Banks cop blast on deadline failure

Commission boss immediately on the front foot as inquiry gets under way.

Big banks cop quick blast

The banking royal commission got under way yesterday and the man at the helm, Justice Kenneth Hayne, wasted no time in getting to the point.

Variously described as a “desert-dry wit” with a brilliant mind who will drive a difficult job according to a tight 12-month deadline, Justice Hayne got off to a flyer.

Addressing the assembled on the opening day of the Royal Commission into Misconduct in the Banking, Superannuation and Financial Services Industry in Melbourne, he served notice on the banks that indicated they would be unable to meet today’s deadline to produce a 50-page record of their indiscretions over the past 10 years, even though they had been given two months to prepare it.

“It has been said that the deadline cannot be met because of the amount of material that has to be reviewed and then assembled,” Justice Hayne said.

“What is to be drawn from the fact that requests for more time to give more specific information about events of misconduct identified over the last five years might have to be considered.

“That a request for details of events of misconduct as defined in the terms of reference identified during the last five years cannot be met within the time sought even though the initial request for that information was made approximately two months ago is itself a matter to which further attention may have to be given.”

The royal commission was begrudgingly announced by Prime Minister Malcolm Turnbull on 30 November last year after he had ignored calls for an inquiry for 18 months. Justice Hayne, a High Court judge until forced to step down in 2015 after reaching the mandatory retirement age of 70, was appointed as commissioner.

In the lead-up to day one, he had warned financial institutions against taking legal action against witnesses and whistle-blowers.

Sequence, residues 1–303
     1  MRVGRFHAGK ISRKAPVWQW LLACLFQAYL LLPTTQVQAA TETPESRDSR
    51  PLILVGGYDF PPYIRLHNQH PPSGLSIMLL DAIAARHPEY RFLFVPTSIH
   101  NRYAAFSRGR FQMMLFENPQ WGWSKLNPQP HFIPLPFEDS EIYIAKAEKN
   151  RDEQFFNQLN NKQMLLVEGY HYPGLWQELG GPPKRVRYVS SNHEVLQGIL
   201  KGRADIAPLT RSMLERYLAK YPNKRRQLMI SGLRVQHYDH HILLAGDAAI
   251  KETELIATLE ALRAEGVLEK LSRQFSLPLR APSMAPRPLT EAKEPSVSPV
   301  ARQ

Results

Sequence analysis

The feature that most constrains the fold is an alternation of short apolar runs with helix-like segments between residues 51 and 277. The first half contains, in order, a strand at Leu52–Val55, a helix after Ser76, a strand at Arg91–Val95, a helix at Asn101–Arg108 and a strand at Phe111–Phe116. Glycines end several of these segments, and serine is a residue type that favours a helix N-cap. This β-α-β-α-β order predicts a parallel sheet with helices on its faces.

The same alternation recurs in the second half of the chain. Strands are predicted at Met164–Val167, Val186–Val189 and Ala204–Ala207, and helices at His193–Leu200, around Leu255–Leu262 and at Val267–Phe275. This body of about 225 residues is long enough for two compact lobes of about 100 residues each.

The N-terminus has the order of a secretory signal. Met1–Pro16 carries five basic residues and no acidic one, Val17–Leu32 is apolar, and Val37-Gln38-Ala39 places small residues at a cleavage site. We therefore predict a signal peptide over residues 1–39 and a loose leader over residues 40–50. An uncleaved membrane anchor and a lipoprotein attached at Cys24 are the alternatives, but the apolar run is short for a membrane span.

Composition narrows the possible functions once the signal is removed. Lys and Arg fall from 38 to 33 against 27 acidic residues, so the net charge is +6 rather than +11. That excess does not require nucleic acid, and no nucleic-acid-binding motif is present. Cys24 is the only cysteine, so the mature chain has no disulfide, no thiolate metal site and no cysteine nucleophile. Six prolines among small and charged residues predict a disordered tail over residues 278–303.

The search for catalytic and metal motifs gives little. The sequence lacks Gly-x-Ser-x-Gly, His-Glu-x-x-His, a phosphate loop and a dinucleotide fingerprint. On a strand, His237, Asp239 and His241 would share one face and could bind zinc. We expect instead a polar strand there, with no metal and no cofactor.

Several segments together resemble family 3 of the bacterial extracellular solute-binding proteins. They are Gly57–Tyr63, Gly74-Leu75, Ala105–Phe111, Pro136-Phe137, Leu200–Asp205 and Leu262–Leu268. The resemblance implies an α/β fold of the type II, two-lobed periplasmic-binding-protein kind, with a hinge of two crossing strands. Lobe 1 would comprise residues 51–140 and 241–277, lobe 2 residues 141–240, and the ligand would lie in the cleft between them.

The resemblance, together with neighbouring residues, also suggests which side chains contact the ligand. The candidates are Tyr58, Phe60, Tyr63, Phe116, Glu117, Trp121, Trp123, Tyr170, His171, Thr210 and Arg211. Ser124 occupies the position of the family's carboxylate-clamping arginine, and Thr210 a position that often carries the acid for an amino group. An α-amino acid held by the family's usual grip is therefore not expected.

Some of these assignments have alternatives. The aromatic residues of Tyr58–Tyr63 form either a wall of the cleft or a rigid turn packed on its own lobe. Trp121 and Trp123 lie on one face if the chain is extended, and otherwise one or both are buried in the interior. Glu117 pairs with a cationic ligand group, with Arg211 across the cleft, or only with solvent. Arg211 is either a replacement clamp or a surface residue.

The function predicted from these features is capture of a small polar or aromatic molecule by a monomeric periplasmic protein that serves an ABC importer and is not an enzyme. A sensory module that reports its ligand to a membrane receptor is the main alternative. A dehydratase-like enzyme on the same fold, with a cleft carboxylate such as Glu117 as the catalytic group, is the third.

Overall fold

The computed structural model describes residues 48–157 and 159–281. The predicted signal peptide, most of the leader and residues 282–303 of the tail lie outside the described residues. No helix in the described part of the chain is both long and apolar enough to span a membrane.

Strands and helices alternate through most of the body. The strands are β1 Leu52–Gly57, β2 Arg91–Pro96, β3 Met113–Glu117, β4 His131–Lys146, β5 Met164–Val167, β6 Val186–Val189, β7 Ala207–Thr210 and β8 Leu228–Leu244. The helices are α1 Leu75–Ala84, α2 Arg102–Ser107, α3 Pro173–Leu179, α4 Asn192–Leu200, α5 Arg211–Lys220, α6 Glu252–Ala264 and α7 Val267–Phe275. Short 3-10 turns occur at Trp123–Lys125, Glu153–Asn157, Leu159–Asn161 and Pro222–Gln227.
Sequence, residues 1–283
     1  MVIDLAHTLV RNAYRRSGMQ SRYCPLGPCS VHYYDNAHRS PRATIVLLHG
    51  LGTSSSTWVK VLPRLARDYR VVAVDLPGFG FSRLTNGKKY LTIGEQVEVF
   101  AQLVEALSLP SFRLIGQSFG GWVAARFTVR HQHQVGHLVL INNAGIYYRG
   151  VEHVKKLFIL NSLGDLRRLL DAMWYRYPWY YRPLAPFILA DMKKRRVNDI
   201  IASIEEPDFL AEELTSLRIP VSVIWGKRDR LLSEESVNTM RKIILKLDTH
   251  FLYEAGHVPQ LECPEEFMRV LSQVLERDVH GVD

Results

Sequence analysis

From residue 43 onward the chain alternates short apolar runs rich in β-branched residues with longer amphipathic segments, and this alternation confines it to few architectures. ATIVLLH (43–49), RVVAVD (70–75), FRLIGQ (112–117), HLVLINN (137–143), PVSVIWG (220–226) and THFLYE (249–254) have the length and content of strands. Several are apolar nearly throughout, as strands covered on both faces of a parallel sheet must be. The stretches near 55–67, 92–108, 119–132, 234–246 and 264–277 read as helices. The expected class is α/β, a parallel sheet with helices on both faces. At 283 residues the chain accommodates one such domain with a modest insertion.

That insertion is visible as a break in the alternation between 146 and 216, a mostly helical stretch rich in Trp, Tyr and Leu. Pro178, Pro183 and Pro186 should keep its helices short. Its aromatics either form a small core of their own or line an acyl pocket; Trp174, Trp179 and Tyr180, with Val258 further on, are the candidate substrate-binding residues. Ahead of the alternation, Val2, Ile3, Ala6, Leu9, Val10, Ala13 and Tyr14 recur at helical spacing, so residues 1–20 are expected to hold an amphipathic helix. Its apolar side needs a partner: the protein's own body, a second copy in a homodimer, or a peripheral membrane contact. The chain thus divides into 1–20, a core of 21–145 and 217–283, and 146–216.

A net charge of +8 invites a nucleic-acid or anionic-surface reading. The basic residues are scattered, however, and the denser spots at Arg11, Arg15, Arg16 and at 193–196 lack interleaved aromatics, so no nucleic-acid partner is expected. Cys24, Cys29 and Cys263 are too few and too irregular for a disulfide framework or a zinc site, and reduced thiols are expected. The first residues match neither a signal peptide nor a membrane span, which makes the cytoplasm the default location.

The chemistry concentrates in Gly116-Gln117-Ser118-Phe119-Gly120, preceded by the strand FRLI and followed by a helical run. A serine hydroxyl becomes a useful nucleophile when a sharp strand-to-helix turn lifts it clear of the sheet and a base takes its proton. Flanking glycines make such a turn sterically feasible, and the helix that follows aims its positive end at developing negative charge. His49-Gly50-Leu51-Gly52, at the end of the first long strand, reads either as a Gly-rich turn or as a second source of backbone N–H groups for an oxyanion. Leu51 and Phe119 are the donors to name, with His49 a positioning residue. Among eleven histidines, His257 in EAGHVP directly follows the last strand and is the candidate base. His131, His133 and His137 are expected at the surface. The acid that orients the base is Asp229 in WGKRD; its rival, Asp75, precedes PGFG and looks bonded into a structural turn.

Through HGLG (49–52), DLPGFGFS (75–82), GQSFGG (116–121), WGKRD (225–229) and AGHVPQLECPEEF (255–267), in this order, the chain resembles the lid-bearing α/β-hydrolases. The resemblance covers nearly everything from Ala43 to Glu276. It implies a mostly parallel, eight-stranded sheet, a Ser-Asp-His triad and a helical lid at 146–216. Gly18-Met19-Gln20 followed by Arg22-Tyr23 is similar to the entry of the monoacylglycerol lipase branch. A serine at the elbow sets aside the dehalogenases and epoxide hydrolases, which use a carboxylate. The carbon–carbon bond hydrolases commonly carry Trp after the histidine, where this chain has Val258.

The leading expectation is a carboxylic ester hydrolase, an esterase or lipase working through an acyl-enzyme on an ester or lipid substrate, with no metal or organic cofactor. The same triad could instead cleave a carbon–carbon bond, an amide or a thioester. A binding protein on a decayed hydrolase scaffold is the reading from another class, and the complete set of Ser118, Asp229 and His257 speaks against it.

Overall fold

“First, the commission would be very likely indeed to exercise its compulsory powers to secure the information in question,” he said on Monday.

“Second, the very fact that an institution sought to inhibit or prevent the disclosure of the information would excite the closest attention not only to the lawfulness of that conduct but also what were the institutions’ motives for seeking to prevent the commission from having that information.”

It was reported last Thursday that the Big Four banks had advised employees that despite confidentiality agreements, they were free to make submissions or appear before the commission.

The commission has received 385 public submissions with nearly one-third relating to how banks dealt with personal finance. Another 17 per cent of submissions related to superannuation.

An interim report is expected by 30 September this year and a final report by 1 February, 2019.

Do you have a beef with the banks?



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    13th Feb 2018
    It's interesting that Justice Hayne is not interested in individual cases. My first thought was that individual cases were what brought this Royal Commission into being. Then I thought that an individual should take their case to a court of law and if, as predicted, the Royal Commission uncovers misconduct and the different areas where that misconduct has occurred a case for compensation will be strengthened. A Royal Commission can uncover but not prosecute so individual cases may not be helped but will slow down a process already on a tight schedule.